- B. du Boulay, A. Poulovasillis, W. Holmes, and M. Mavrikis. Artificial intelligence and big data technologies to close the achievement gap. In R. Luckin, editor, Enhancing Learning and Teaching with Technology, page 256–285. UCL Institute of Education Press, 2018.
- N. Gitinabard, R. Okoilu, Y. Xu, S. Heckman, T. Barnes, and C. Lynch. Student teamwork on programming projects what can github logs show us? In Proceedings of The 13th International Conference on Educational Data Mining (EDM 2020), pages 409–416, 2020.
- X. Huang, S. D. Craig, J. Xie, A. Graesser, and X. Hu. Intelligent tutoring systems work as a math gap reducer in 6th grade after-school program. Learning and Individual Differences, 47:258–265, 2016.
- C. Kung and R. Yu. Interpretable Models Do Not Compromise Accuracy or Fairness in Predicting College Success. In Proceedings of the 7th ACM Conference on Learning @ Scale (L@S ’20), pages 413–416, New York, NY, USA, aug 2020. Association for Computing Machinery (ACM).
- Z. Li, L. Yee, N. Sauerberg, I. Sakson, J. J. Williams, and A. N. Rafferty. Getting too personal(ized): he importance of feature choice in online adaptive algorithms. In Proceedings of the 13th International Conference on Educational Data Mining, EDM 2020, Fully virtual conference, July 10-13, 2020. International Educational Data Mining Society, 2020.
- Z. Liu, R. Brown, C. F. Lynch, T. Barnes, R. Baker, Y. Bergner, and D. McNamara. Mooc learner behaviors by country and culture; an exploratory analysis. 2016.
- C. F. Lynch. Who prophets from big data in education? new insights and new challenges. Theory and Research in Education, 15(3):249–271, 2017.
- M. Mansoury, H. Abdollahpouri, M. Pechenizkiy, B. Mobasher, and R. Burke. Feedback loop and bias amplification in recommender systems. In Proceedings of the 29th ACM international conference on information & knowledge management, pages 2145–2148, 2020.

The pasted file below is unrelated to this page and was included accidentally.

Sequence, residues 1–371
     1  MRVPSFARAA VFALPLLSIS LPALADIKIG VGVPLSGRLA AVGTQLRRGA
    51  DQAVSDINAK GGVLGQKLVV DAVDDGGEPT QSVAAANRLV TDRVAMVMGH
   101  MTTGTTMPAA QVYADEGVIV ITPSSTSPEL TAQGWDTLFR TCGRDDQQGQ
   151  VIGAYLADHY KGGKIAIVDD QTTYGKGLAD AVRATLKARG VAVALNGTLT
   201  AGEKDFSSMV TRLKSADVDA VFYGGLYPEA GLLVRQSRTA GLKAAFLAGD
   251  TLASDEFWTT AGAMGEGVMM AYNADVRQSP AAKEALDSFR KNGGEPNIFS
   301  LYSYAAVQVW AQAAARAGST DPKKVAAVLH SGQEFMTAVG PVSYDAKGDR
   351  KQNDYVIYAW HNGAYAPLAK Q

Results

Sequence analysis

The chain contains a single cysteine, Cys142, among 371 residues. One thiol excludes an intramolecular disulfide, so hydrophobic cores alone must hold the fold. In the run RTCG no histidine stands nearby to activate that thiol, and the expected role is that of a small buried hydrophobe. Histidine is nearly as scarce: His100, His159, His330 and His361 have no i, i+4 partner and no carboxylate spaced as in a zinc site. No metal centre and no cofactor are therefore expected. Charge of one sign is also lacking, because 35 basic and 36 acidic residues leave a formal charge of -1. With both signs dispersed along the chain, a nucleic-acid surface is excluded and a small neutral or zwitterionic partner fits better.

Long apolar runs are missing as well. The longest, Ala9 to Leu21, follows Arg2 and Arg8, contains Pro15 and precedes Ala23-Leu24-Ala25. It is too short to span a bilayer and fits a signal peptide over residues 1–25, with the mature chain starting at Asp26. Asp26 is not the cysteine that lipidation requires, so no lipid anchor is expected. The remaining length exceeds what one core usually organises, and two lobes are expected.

- T. G. Mathewson. Personalized learning can be a tool for equity or a barrier to it. https://hechingerreport.org/personalized-learning-can-be-a-tool-for-equity-or-a-barrier-to-it/. The Hechinger Report; Accessed: 2022-02-25.
- M. Meeter. Primary school mathematics during the covid-19 pandemic: No evidence of learning gaps in adaptive practicing results. Trends in neuroscience and education, 25:100163, 2021.
- A. Perry and N. Turner-Lee. Ai can disrupt racial inequity in schools, or make it much worse. https://hechingerreport.org/ai-can-disrupt-racial-inequity-in-schools-or-make-it-much-worse/. The Hechinger Report; Accessed: 2022-02-25.
- S. Ritter, M. Yudelson, S. E. Fancsali, and S. R. Berman. How mastery learning works at scale. In Proceedings of the Third (2016) ACM Conference on Learning@ Scale, pages 71–79, 2016.
- A. Saxena, G. Fletcher, and M. Pechenizkiy. Hm-eiict: Fairness-aware link prediction in complex networks using community information. Journal of Combinatorial Optimization, pages 1–18, 2021.
- V. Swamy. Pedagogy, infrastructure, and analytics for data science education at scale, 2018.
- V. Swamy, E. Chen, A. Vankayalapati, A. Aggarwal, C. Liu, V. Mandava, and S. Johnson. Machine learning for humanitarian data: Tag prediction using the HXL standard. 2019.
- V. Swamy, A. Romanou, and M. Jaggi. Interpreting language models through knowledge graph extraction. arXiv preprint arXiv:2111.08546, 2021.
- R. Yu, H. Lee, and R. F. Kizilcec. Should College Dropout Prediction Models Include Protected Attributes? In Proceedings of the Eighth ACM Conference on Learning @ Scale, pages 91–100, New York, NY, USA, jun 2021. ACM.
- R. Yu, Q. Li, C. Fischer, S. Doroudi, and D. Xu. Towards accurate and fair prediction of college success: Evaluating different sources of student data. In Proceedings of the 13th International Conference on Educational Data Mining, EDM 2020, Fully virtual conference, July 10-13, 2020. ERIC, 2020.
- Z. Zakaria, J. Vandenberg, J. Tsan, D. C. Boulden, C. F. Lynch, K. E. Boyer, and E. N. Wiebe. Two-computer pair programming: Exploring a feedback intervention to improve collaborative talk in elementary students. Computer Science Education, pages 1–28, 2021.